Darlene Matz, mega knitter but also commissioned Pastor for the Presbyterian church in Kaktovik Alaska
Knitting is relaxing.
I’m from northern Minnesota where I lived on the reservation. Today I am a commissioned Presbyterian pastor and I serve Kaktovik Presbyterian church. Being a grandmother is remarkable.
My special phrase is, ‘Alone we cannot change the world but we can make it a better place for one other person.’
I love helping people and being with people.
Each hat is Unique
I read Little House on the Prairie books. They knitted and I wanted to also learn to knit. The lady I learned from is left handed. Being that I am right handed my knitting is different from other knitters.
In 2005 my mother died and I had just started making hats after not knitting for many years. My stepfather said to me, “how many of those are you going to do anyway?”
My answer was 25.
Sadly, my stepfather laughed at me. Well that made me more determined to do more than 25. Since 2012 I’ve made more than 3,000 hats.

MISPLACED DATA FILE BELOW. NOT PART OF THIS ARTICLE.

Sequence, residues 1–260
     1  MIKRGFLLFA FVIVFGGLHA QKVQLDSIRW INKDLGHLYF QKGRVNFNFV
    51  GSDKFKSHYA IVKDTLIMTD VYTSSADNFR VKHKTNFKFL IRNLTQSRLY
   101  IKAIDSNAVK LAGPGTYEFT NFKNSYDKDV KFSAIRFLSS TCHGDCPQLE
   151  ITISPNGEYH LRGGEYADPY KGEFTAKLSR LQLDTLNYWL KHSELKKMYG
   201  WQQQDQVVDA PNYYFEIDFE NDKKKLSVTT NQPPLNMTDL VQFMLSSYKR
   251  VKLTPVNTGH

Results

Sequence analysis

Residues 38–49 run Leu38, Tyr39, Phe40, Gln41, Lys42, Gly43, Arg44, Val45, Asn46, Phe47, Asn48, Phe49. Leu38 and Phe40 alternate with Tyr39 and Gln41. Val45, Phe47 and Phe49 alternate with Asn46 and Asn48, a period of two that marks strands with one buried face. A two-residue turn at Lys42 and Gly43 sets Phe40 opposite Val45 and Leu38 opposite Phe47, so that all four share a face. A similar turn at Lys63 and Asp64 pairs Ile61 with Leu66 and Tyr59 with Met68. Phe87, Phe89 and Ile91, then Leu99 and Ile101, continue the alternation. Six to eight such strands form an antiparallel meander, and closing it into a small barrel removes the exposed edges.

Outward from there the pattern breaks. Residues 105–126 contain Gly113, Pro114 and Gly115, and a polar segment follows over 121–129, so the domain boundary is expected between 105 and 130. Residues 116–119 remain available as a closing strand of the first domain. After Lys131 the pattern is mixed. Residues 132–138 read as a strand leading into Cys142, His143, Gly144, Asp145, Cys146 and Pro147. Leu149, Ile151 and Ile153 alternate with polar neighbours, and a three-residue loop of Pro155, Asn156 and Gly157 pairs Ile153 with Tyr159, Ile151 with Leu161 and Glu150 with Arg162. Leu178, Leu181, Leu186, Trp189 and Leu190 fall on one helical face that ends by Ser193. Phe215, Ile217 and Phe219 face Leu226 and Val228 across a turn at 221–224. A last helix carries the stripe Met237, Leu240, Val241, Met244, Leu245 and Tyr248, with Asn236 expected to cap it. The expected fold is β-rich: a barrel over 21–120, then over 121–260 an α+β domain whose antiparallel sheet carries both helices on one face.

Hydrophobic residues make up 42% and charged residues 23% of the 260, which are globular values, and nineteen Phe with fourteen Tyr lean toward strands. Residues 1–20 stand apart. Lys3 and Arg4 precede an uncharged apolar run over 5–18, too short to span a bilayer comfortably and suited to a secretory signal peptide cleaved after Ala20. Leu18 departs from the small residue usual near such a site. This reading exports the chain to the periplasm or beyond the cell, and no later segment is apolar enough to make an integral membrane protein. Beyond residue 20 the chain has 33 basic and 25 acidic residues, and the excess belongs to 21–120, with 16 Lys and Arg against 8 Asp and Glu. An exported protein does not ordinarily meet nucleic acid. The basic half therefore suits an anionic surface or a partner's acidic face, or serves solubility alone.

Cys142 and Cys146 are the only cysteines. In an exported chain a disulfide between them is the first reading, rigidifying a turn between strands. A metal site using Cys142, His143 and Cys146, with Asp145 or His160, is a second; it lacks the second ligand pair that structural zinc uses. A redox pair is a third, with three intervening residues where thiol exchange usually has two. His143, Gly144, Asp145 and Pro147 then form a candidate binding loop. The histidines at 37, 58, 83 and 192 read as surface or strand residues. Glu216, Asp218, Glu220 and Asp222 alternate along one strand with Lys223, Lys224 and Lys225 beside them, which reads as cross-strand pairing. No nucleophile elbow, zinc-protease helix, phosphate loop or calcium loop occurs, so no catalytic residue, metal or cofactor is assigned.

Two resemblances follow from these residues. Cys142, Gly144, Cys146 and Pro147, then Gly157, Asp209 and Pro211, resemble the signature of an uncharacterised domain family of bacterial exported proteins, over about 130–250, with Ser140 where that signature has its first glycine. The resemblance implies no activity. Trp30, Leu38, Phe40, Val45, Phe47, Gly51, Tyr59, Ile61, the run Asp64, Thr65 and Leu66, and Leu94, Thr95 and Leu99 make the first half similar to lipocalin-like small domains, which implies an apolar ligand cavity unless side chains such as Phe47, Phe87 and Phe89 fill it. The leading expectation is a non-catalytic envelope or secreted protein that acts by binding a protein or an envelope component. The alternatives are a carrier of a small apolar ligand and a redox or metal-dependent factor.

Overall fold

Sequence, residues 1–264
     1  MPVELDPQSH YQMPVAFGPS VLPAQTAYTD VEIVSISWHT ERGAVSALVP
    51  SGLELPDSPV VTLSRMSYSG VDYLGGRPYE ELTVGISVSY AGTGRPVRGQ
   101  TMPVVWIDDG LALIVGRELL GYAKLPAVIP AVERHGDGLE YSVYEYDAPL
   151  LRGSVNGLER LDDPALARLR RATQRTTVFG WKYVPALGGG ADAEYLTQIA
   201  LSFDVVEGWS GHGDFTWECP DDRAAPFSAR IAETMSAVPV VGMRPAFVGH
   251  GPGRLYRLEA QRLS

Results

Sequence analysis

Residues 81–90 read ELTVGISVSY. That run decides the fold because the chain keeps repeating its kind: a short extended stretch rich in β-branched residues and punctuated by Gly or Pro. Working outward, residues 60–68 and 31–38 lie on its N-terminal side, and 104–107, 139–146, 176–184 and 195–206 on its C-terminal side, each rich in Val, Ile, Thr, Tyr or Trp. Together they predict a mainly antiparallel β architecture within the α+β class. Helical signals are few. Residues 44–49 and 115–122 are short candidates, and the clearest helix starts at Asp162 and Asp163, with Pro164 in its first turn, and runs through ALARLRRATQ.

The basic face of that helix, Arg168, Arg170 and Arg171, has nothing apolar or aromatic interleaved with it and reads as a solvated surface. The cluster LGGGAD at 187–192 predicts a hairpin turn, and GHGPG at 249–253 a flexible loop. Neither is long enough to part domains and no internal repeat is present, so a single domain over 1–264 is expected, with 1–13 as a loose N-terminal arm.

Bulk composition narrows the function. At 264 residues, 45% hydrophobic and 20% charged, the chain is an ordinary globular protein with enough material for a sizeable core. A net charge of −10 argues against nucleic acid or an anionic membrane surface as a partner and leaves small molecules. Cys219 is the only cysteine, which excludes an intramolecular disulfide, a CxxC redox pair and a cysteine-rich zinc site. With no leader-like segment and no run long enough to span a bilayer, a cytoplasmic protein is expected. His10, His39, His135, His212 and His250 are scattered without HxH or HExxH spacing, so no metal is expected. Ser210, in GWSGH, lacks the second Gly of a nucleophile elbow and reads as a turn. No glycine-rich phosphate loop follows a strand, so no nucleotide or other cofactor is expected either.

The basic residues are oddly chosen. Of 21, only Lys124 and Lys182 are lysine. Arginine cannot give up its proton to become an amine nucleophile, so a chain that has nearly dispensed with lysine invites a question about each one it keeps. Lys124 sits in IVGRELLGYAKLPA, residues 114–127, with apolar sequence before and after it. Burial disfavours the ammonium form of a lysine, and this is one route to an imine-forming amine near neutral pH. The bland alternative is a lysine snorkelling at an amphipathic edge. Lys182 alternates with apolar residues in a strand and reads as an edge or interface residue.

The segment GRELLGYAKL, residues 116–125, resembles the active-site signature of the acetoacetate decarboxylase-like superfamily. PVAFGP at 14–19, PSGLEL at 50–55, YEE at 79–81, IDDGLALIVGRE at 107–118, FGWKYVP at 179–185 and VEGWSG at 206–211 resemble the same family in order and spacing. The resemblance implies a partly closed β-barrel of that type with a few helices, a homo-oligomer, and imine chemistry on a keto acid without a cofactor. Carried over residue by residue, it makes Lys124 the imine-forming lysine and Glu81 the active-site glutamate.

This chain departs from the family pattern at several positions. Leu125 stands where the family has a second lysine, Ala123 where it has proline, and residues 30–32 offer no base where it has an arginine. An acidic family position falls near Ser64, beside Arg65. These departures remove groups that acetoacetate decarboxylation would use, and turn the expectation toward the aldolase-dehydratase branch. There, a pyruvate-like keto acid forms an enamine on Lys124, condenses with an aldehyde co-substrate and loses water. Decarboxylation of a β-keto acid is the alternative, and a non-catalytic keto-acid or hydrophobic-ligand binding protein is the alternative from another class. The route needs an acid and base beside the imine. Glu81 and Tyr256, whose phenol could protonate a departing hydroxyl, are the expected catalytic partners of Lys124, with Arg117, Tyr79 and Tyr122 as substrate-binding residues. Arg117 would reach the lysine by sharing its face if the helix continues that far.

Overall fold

Knitting is fun. I make hats for the homeless and the villages in northern Alaska. I’m free with my time to do it. I don’t want to sit at my house. Being involved with people makes me happy.
Once I finish a hat it is done. I don’t deliver the hats because I can’t travel to all of the villages, therefore I cannot see the happiness and smiles from the children and adults. But the response is not important.
In the native culture it means more if something is hand done and I make each hat unique so people can take pride in wearing it.
A Sewing Machine that Brought Rags to Riches
When I was in Tanzania where my husband was working there was a woman who had several children and no money. Her home was made out of banana leaves. I wanted to help her but I didn’t want to just give money. From my inquiries I learned that she liked to sew but she no longer had the means to do so.
Matata is her name and I bought a sewing machine for her. Getting her started cost about $200.00 with an extra $50 for clothes and food. I felt good about the experience; in fact it is the biggest impact for me to see.
That little offering changed her life and the community’s as well because that seamstress became a community leader out there. She’s making changes for the better.
Touching people’s lives in simple ways is fulfilling.
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